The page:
Have You Herd? AABP PodCasts

Cattle Fever Ticks

May 16, 2022 AABP
Have You Herd? AABP PodCasts
Cattle Fever Ticks
Show Notes

AABP Executive Director Dr. Fred Gingrich is joined by AABP member Dr. Dee Ellis, a veterinarian at Texas A&M University and who was previously the Texas state veterinarian.  Ellis discusses the Texas Cattle Fever tick, species Rhipicephalus microplus and R. annulatus.
He describes the history of the tick control program, which dates from more than 150 years ago with the quarantine zone in south Texas established in 1943. Currently,  more than 1 million acres are in the quarantine zone. The fever tick spreads the disease babesiosis which can cause severe disease in adult cattle with up to 90% mortality in naïve cattle. Calves have an innate immunity resulting in mild disease; however, recovered calves can have up to 50 pounds less weight at weaning. We discuss treatment options for cattle infested with the ticks which includes dipping with an organophosphate product or injectable avermectin products. Wildlife vectors remain a challenge and Ellis discusses management of wildlife and treatment of wildlife in pastures where cattle are raised. Ellis also reviews a recent research project that looked at varying doses of eprinomectin to establish if a longer treatment interval would control the ticks on exposed cattle. The results of the study found that Long Range® at the label dose will have a residual effect on preventing tick infestation by up to 123 days, and doubling the dose extends the effect up to 145 days after the last treatment. Research for controlling and treating the ticks is need which includes a better understanding of diagnostic methods for infested pastures, wildlife treatment options, biologic control agents and vaccines against babesiosis and the tick vector.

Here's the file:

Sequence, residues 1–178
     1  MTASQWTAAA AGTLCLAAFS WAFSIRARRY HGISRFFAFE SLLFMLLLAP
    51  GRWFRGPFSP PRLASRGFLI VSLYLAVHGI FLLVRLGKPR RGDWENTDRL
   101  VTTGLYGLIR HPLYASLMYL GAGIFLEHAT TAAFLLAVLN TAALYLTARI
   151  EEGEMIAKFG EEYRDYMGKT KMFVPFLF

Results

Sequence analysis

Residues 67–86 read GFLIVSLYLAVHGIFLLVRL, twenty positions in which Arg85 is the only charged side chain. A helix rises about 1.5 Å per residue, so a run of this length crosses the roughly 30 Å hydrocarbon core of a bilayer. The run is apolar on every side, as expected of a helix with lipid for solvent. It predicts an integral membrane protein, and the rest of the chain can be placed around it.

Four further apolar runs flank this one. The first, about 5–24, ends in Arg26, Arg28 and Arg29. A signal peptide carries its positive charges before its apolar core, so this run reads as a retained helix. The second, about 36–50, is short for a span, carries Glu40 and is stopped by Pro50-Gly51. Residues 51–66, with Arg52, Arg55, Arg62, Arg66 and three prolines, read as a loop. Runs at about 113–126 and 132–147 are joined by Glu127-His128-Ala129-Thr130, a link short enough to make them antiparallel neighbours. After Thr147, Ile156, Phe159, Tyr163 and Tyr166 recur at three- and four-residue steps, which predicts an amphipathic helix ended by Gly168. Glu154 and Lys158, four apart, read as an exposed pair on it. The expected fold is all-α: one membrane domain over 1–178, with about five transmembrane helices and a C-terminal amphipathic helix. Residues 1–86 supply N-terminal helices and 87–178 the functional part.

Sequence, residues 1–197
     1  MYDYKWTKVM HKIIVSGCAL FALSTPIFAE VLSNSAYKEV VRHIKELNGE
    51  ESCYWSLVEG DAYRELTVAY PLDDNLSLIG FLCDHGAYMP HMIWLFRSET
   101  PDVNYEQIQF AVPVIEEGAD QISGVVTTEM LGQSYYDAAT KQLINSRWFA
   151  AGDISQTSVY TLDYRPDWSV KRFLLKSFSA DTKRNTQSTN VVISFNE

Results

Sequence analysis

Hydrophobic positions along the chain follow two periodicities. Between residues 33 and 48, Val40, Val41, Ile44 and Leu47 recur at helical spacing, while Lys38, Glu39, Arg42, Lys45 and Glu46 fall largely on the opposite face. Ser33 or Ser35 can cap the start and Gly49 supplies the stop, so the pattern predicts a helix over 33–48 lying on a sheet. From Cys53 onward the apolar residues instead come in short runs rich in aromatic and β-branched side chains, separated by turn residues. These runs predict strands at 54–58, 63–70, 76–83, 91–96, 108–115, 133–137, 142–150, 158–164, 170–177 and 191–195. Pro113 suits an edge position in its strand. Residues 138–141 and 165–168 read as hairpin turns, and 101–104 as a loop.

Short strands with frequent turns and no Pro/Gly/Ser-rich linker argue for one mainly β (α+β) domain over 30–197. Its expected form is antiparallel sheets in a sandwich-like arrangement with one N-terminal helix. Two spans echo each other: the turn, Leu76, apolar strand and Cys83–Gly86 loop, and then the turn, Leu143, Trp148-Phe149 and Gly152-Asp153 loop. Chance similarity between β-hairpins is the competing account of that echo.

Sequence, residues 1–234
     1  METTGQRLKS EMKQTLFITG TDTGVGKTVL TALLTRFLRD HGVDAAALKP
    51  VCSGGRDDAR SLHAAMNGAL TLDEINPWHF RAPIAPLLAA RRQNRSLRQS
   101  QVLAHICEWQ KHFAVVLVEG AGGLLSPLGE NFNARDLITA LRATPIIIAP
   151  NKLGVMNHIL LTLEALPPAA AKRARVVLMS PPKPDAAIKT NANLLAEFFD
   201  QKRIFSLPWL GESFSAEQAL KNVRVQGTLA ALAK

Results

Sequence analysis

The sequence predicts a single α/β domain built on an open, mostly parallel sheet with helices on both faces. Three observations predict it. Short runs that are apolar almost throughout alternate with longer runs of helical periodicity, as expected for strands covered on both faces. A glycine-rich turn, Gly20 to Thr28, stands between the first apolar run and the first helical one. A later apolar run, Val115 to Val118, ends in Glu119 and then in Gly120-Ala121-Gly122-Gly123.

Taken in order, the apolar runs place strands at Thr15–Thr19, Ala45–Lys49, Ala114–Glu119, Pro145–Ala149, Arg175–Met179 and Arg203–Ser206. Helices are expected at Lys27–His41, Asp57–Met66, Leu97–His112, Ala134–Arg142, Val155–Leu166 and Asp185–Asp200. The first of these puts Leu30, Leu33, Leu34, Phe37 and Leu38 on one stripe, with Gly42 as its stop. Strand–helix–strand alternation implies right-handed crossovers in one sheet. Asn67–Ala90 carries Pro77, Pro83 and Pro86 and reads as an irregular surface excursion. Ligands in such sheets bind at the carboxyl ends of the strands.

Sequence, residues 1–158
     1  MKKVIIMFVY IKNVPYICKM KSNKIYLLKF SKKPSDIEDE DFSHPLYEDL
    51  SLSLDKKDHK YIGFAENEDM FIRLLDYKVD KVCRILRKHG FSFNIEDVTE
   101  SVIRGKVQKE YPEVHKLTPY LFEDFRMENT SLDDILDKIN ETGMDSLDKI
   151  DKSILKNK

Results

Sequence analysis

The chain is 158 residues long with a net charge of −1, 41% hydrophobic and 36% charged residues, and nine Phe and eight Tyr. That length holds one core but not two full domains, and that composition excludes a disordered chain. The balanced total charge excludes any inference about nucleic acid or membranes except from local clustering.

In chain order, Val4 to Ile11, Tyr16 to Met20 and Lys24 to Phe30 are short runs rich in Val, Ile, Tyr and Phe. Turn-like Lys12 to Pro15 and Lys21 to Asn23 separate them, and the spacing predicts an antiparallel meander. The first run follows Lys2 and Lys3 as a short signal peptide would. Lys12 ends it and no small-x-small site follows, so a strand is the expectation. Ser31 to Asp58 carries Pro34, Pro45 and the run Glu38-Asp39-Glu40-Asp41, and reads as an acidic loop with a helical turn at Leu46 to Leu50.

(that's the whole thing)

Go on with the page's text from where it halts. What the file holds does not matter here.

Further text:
Texas A&M University Department of Entomology Resource

Texas A&M AgriLife Extension Resource:

USDA Cattle Fever Tick Eradication Program: